Roger looks around at the progress he is making and concludes, “I wouldn’t support a missionary such as I know myself to be, and I’m not going to ask anyone else to.” He was struggling to know the will of God for his family’s life. He struggled to feel any sense of God’s pleasure upon his work. One regret of Eliot’s writing emerges at this point. While she does an excellent job of painting Roger’s despondency, I wish she would have included a little more detail on what exactly turned Roger’s spirit around. A few more specifics would have been helpful for my spiritual growth. What spurred him forward to risk everything to reach this isolated tribe? What changed his mind on giving up and going home?

Nevertheless, without more specifics we discover that there are no “tricks” for emerging through such periods. More Bible reading and more prayer are needed and helpful but one’s spirit doesn’t return overnight just because you pray, read, and meditate. Instead, I have found you must endure and persevere in prayer, wrestling with God until you discover His will. Lastly, we are reminded of Paul’s words: “My grace is sufficient for you, for my power is made perfect in weakness” (2 Corinthians 12:9).

Guns, Safety, and Marriage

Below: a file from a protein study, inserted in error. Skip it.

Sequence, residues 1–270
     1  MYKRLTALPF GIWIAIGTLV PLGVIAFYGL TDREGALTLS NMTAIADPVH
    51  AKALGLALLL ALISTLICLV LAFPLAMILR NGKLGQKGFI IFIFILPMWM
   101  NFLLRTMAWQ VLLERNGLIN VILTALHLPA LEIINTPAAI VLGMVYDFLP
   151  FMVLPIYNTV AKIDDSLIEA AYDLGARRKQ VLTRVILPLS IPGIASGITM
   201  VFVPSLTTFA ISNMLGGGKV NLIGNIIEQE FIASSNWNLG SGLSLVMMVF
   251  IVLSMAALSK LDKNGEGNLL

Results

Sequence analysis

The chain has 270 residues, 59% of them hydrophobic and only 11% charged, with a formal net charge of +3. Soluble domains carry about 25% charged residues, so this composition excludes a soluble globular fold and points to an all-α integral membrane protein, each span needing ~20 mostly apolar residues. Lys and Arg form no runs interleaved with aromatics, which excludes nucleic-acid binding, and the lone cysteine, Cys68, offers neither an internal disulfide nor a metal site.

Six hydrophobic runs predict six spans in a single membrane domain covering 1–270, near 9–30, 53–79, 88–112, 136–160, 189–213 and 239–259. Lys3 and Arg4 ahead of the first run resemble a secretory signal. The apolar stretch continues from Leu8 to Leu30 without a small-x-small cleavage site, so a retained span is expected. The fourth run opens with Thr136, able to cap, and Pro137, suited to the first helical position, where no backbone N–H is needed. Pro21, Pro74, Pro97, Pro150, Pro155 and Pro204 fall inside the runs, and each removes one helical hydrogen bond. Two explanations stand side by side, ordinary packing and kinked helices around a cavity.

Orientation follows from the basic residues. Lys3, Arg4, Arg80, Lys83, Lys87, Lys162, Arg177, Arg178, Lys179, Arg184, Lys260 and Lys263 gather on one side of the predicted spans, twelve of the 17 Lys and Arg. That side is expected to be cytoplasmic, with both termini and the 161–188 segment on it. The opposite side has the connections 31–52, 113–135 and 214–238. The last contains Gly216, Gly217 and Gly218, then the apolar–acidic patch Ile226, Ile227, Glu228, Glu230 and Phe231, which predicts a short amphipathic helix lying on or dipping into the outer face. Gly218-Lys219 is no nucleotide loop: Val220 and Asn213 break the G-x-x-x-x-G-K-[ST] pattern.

Like sounds of drumbeat, these pages read with the noise of possible martyrdom lying softly and silently in the background, only to hear the sound of the drum emerge into a crescendo in later parts of the book. Each of these five young men and their wives knew exactly what they were facing when they initiated contact with this feared tribe. Interspersed through these four chapters is the recurrent talk of whether the men will arm themselves when they finally face the Aucas face to face. Elizabeth notes, “The wives were particularly concerned to know exactly what provisions were to be made for safety.” The men decided that they would carry along firearms but only to serve as a warning if they faced a possible lancer. Unlike their predecessors with the Shell Oil Company, these missionary families were wandering the jungles of Ecuador for commercial reason. Instead, they endeavored to keep the tribesmen alive. Such courage was inspired by a theology that took Jesus’ words on hell seriously. In Nate Saint’s own words as reflected on their task as they celebrated Christmas in South America: